For the above reasons, I really like the Primus EasyLight Lantern it is bright enough (max. 490 lumen's as per manufacturer) and packed really small into the included plastic internally padded storage case. We've been using one for couple of years without any problem. Amazon link/ reviews here: Primus EasyLight Lantern. The lantern is very fuel efficient for the amount of light it gives off, an 8oz. fuel canister should last about 12 hours on maximum brightness to 24 hours on lowest setting. The lantern also has an attached wire for easy hanging on trees or poles.

Primus EasyLight Lantern with an 8oz. Isobutane/Propane cartridge.

Plastic storage case. Size is about 3.3" x 3.3" x 5"

Monday, May 20, 2013

Adding a Slide-out Pantry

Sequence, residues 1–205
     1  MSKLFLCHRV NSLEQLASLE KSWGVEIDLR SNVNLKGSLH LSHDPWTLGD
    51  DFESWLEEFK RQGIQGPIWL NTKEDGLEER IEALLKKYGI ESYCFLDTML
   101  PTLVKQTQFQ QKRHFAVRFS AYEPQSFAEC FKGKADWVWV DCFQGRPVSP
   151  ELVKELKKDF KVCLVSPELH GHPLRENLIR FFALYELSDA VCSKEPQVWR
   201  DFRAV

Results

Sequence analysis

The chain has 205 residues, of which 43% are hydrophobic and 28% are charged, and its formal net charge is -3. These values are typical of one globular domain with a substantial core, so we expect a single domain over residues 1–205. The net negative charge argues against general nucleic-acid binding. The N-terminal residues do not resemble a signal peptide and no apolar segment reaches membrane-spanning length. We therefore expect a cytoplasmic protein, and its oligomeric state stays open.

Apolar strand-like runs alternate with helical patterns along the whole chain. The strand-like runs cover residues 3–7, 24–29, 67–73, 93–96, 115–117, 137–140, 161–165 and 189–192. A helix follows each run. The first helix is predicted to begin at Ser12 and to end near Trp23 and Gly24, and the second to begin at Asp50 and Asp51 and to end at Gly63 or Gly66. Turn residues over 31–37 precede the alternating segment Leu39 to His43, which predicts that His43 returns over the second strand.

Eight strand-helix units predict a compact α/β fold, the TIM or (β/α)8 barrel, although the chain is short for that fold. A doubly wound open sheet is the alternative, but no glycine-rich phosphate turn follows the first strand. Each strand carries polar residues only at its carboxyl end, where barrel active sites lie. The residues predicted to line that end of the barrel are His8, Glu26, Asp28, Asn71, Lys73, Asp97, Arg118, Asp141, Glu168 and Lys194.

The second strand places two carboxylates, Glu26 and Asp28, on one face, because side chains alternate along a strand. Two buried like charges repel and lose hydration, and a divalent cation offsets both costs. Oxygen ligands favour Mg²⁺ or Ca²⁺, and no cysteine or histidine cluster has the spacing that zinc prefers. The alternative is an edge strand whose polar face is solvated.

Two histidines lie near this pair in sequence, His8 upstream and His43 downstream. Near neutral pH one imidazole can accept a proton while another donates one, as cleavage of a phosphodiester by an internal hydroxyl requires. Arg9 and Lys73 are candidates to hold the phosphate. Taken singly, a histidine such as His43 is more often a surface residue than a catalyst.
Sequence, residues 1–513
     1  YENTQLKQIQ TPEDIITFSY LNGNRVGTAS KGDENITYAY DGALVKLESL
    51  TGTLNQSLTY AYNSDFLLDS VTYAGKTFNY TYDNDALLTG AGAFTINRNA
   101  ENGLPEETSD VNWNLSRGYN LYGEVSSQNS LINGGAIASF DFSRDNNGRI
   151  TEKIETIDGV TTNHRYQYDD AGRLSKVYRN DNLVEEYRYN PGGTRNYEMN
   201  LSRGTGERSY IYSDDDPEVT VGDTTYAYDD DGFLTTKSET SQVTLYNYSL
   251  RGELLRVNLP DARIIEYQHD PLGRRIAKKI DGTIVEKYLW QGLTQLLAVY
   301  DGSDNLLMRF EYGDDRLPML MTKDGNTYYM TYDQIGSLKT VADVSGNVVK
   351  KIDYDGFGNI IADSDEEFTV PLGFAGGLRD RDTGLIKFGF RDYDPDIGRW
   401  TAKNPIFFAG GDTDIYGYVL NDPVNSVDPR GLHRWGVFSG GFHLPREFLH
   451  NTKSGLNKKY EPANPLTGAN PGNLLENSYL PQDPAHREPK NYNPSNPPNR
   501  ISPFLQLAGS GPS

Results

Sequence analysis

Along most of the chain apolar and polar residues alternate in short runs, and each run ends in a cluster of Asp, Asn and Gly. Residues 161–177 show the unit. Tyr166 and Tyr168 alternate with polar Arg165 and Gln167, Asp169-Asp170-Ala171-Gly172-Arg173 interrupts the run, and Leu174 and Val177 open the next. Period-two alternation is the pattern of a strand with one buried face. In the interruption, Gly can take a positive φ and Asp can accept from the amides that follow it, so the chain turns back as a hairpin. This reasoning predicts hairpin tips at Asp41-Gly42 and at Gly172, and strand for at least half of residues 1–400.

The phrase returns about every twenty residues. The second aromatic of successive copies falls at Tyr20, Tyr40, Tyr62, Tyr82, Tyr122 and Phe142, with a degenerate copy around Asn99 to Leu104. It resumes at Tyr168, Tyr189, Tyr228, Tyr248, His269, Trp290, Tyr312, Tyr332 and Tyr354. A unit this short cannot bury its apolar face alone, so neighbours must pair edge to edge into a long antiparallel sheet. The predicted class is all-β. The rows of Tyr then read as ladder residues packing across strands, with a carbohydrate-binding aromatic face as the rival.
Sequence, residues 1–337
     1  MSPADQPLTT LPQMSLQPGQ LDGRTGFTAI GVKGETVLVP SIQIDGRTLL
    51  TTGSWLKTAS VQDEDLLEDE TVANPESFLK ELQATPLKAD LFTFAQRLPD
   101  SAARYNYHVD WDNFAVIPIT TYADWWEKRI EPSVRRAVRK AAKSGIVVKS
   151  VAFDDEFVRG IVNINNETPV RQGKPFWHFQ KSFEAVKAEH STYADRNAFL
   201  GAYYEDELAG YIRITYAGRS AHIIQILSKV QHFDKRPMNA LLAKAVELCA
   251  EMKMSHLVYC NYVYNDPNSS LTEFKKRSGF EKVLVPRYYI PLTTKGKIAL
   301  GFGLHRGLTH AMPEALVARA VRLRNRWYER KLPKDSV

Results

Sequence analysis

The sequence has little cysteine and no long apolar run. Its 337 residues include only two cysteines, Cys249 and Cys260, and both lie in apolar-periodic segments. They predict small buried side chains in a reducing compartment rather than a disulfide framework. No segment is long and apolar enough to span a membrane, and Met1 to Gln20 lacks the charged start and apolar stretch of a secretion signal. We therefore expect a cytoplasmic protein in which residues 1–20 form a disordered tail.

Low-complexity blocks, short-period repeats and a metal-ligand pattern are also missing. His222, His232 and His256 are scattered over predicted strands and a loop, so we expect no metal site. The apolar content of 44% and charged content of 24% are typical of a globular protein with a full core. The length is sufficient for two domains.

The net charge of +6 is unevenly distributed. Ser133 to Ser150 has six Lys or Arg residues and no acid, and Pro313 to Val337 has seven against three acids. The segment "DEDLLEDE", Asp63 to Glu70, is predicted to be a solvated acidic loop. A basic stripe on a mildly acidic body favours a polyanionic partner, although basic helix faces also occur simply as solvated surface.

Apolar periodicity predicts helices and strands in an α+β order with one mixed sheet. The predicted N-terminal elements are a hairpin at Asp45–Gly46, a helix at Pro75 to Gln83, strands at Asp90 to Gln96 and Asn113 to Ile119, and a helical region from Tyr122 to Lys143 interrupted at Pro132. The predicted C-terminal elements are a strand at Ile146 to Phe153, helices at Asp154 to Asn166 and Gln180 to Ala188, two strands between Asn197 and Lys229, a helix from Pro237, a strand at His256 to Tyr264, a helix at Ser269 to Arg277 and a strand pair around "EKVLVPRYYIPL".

Added a full extension slide-out pantry to one of the lower cabinets located below the microwave. The cabinets here are placed so low to the floor that sometimes it's a pain in the back to get stuff out. I decided to add just one slide-out pantry for now. The slide-out draw is made using 1/2 inch birch plywood with simple butt joints. It is then sanded, stained, and added 3 coats of wipe-on polyurethane matte finish with light sanding in between coats. Also added 1/2 inch, 1/20 in. thick aluminum angle bar for accent (see pictures below). I used an 18-inch long full extension slides with soft-close feature that were purchased from our local hardware store. The outer extension slides were riveted to (6) zinc plated corner braces (3 on each side) which are then secured to the floor using wood screws. The cabinet door hinges were removed, and then it is mounted in front of the slide-out using 4 wood screws.